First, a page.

In 2002, Jim Irsay hired former Bucs Head Coach Tony Dungy, who made his name on strong defensive, first as a Defensive Coordinator, then as Head Coach of the Buccaneers. Then came the drafting of Defensive End Dwight Freeney, another Syracuse product, I had seen play for 4 years. Being a Syracuse fan, I saw both he and Marvin Harrison play all of their College games, so I knew how good both would be. Dwight DID NOT disappoint, dominating outmatched Tackles all year and forcing his way into the starting lineup. I had told my dad when we drafted him, you have no idea how good this guy is, his first step is so fast, he will be a Hall of Famer one day. Looks like I was right.
That season was largely spent weeding out some veterans and finding out what the strengths and weaknesses of our team were. So it was no surprise to me that the Colts lost in the playoffs to a hot Jets team. What was a surprise was the way they lost, 41-0 the only game I have ever turned off in my fan career. My frustration with the team at the point was beyond high, so the best thing to do was just turn the game off, knowing we would be better next season. Both my dad and I were shocked at how awful we played that game and hoped better things were ahead.
The seasons that followed were some of the happiest times of my life. I got to watch every Colts game and I got to watch them all with my best friend and biggest Colt fan I knew, my dad. He had long suffered through the pain of being a Colts fan from the time he moved to Maryland. From Baltimore to Indy he had stayed loyal, so it was great to see him so happy over the Golden Era of Colts football. From 2002-2010, the Colts won at least 10 games every year and made the playoffs every year. They won a remarkable 109 games, made 9 playoff appearances, 7 AFC South Division Titles, 3 AFC Championships, 2 Super Bowls and the 2006 Super Bowl Champions. Some people say we underachieved, I say we were blessed to be a part of such a historic run of winning. All the great players, coaches, and talent evaluators in that time deserve all the credit in the World. They turned Indianapolis into a Football City.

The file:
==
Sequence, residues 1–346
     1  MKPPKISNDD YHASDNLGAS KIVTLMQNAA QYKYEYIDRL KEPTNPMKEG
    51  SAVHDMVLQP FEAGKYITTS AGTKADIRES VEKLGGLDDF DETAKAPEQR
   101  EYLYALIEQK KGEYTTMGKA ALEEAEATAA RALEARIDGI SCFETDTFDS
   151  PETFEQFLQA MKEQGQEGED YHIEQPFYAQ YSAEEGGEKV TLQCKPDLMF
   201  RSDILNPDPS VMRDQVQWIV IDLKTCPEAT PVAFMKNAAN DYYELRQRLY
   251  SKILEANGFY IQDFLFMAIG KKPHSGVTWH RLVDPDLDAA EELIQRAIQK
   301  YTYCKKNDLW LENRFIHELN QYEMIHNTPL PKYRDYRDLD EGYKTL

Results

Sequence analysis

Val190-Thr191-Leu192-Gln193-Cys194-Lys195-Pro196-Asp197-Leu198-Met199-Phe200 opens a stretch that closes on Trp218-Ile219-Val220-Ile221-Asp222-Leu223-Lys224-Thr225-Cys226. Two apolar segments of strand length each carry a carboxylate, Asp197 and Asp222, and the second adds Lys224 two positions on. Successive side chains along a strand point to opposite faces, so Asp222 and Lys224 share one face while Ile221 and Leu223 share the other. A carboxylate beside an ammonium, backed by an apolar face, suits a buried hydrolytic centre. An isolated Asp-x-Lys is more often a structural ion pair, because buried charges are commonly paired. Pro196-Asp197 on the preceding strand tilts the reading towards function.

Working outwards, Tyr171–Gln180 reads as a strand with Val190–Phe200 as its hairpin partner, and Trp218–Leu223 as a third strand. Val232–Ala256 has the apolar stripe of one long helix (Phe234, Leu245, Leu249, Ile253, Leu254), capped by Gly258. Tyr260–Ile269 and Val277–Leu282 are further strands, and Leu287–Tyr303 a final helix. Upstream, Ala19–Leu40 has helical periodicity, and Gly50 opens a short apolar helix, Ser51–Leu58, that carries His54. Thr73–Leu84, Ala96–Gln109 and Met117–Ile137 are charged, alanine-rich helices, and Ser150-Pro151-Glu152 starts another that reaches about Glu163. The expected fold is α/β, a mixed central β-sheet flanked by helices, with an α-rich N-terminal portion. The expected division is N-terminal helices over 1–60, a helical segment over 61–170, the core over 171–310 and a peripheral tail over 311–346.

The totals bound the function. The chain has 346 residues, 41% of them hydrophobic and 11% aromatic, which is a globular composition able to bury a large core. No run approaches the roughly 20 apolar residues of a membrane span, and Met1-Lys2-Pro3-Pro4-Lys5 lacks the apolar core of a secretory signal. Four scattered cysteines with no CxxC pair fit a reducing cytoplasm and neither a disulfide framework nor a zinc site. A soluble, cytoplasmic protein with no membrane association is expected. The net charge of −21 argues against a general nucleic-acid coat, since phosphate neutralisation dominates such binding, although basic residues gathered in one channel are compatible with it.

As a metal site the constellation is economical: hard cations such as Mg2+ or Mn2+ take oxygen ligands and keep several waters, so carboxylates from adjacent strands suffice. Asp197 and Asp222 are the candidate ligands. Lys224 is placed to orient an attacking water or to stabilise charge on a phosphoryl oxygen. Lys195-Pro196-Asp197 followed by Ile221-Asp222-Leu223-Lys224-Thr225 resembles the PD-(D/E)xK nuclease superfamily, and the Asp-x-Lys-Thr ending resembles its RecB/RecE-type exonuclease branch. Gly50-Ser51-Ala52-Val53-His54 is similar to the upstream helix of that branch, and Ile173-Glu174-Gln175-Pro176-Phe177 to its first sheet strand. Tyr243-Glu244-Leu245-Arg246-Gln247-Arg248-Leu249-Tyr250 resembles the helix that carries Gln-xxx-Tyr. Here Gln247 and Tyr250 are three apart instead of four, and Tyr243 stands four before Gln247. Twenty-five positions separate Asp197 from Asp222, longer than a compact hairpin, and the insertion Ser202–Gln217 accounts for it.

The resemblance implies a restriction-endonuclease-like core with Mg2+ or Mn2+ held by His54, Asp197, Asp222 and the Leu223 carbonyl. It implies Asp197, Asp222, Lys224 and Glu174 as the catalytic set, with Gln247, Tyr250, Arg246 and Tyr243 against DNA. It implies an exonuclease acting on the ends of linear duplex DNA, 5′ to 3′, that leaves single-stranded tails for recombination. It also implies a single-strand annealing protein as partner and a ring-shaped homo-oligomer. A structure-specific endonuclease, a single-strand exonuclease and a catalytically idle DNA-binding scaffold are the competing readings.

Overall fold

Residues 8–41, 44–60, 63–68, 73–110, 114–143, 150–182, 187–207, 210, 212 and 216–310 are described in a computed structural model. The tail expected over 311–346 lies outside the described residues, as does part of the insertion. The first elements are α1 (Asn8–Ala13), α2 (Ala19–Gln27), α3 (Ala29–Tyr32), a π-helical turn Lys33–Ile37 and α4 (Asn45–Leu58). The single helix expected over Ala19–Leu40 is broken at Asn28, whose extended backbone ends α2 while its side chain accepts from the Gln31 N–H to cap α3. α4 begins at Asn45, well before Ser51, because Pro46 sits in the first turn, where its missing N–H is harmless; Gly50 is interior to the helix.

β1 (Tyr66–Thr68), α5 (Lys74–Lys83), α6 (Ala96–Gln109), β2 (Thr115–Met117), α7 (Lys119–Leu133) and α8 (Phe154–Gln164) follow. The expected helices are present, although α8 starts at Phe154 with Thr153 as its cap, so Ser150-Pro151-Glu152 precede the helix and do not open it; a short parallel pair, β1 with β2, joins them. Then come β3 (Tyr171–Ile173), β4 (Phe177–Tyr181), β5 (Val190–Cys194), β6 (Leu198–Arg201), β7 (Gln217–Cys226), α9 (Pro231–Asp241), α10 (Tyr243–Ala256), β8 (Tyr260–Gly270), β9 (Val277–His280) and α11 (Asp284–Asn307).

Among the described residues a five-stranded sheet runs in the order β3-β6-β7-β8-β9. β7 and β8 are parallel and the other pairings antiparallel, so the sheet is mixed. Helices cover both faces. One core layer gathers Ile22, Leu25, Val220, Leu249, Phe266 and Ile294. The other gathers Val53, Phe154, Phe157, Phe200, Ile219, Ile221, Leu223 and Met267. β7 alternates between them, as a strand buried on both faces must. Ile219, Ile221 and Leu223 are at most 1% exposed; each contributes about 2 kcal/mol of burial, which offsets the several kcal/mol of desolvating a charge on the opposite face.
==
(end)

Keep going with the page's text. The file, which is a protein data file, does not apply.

I will never forget the 2006 AFC Championship, down 21-3 in the 2nd Quarter, walking into my bedroom and literally getting on my knees praying to God for us to comeback and win. It’s definitely cheesy to pray over a football game, which in the grand scheme of life, is not that important, but at the time it made me feel better, and by some miracle we started coming back. It was my happiest time as a Colt fan when Marlin Jackson picked off that pass from Tom Brady and knowing that the Colts were going to the Super Bowl. I remember hugging my dad, being so happy, and thinking I just want them to get one, one for the players, coaches, front office, fans, but most of all my dad.